First Look: Why Intel's 3-D Transistor Is Such A Big Deal


People often remember where they were on announcements of major technological significance. On Wednesday, I was in the CRN Test Center lab, when I heard about Intel's breakthough 3-D transistor process.

It's hard to imagine the scale of the process Intel's is describing, but think of fitting more than 6 million transistors in the period at the end of this sentence. That's the claim Intel is making with news of its Tri-Gate transistor and 22-nm process for mass-producing it. Although it has been referred to as Intel 3-D, it has very little to do with special glasses, Monsters vs. Aliens or the local IMAX theater.

With the triple-gate transistor, Intel has reinvented the technology that powers every computing device -- indeed, all of today's electronics -- and in doing so, has broken the size restrictions currently inherent in today's microprocessors. The breakthrough is not so much the Tri-Gate technology, which was first unveiled by Intel in 2002. What's significant is that the company has developed a process for mass-producing the circuits in a process that's 22 billionths of a meter thick, about a third thinner than the 32-nm process it uses for Sandy Bridge microprocessor architecture (a human hair is about 100,000-nm thick).

According to an Intel document announcing the news, Intel's 3-D Tri-Gate transistors will operate at lower voltage and with lower leakage. "The additional control enables as much transistor current flowing as possible when the transistor is in the 'on' state (for performance), and as close to zero as possible when it is in the 'off' state (to minimize power), and enables the transistor to switch very quickly between the two states," read the statement.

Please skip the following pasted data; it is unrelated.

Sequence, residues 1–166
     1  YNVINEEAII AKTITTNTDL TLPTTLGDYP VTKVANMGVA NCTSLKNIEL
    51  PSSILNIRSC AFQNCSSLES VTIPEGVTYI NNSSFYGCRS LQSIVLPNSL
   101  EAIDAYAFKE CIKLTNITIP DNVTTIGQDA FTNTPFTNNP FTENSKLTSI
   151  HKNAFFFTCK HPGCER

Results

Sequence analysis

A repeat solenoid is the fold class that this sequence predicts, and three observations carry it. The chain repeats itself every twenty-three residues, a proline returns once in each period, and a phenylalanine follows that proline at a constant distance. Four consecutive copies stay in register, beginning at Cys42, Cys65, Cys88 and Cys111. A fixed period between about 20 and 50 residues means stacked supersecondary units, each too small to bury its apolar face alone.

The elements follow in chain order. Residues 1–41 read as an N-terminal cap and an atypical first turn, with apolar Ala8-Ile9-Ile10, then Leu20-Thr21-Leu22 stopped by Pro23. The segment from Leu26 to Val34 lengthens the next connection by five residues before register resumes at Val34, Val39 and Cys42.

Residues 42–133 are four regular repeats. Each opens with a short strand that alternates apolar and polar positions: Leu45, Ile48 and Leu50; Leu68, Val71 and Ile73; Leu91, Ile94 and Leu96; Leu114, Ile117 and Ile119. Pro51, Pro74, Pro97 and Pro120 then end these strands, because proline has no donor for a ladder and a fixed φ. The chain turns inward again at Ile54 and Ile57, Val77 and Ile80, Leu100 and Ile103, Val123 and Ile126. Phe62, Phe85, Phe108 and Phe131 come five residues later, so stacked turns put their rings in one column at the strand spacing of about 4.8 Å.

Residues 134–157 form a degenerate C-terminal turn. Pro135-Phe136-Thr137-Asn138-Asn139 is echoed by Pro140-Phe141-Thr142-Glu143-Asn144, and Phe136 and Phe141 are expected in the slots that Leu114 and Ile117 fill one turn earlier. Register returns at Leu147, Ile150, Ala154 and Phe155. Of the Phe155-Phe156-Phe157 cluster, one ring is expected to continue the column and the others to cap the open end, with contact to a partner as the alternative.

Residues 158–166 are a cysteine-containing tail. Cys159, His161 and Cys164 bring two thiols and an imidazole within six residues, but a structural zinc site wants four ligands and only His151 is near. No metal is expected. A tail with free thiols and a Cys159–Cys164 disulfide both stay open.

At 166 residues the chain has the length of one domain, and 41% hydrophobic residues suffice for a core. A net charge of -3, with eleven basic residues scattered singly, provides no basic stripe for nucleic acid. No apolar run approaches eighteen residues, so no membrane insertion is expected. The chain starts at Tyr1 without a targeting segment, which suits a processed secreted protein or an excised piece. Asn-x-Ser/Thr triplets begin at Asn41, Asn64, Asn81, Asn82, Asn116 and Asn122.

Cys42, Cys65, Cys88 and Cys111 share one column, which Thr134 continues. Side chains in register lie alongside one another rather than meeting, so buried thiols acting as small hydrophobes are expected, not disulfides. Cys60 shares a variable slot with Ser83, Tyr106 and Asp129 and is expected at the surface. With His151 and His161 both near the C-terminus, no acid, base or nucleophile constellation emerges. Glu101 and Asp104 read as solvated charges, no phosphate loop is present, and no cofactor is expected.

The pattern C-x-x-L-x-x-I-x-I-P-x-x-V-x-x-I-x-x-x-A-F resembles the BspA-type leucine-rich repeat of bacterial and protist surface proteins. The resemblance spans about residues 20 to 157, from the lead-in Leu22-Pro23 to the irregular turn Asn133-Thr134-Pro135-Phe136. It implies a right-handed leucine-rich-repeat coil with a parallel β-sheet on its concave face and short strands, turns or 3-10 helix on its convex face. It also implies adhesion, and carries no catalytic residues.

With performance increases according to claims of as much as 37 percent compared with 32-nm planar-transistor devices and consuming less than half the power, the new parts will be highly suited to small handheld devices such as smartphones, medical devices, media players, portable gaming systems and anything that can benefit from the ability to switch quickly between high performance and low power consumption. In essence, everything these days.

Intel today demonstrated Ivy Bridge parts running in a laptop, desktop and server. The company also put out a well-produced video explaining how the 3-D transistor technology works that had already gotten 202,306 hits by the time of this writing.

Intel said today that Ivy Bridge will be ready for high-volume production by the end of this year, and that it will be compatible with its current Sandy Bridge architecture motherboards. So for VARs and solution providers, the transition from Sandy Bridge to Ivy Bridge -- and to the future of power-efficient computing--should be fairly seamless.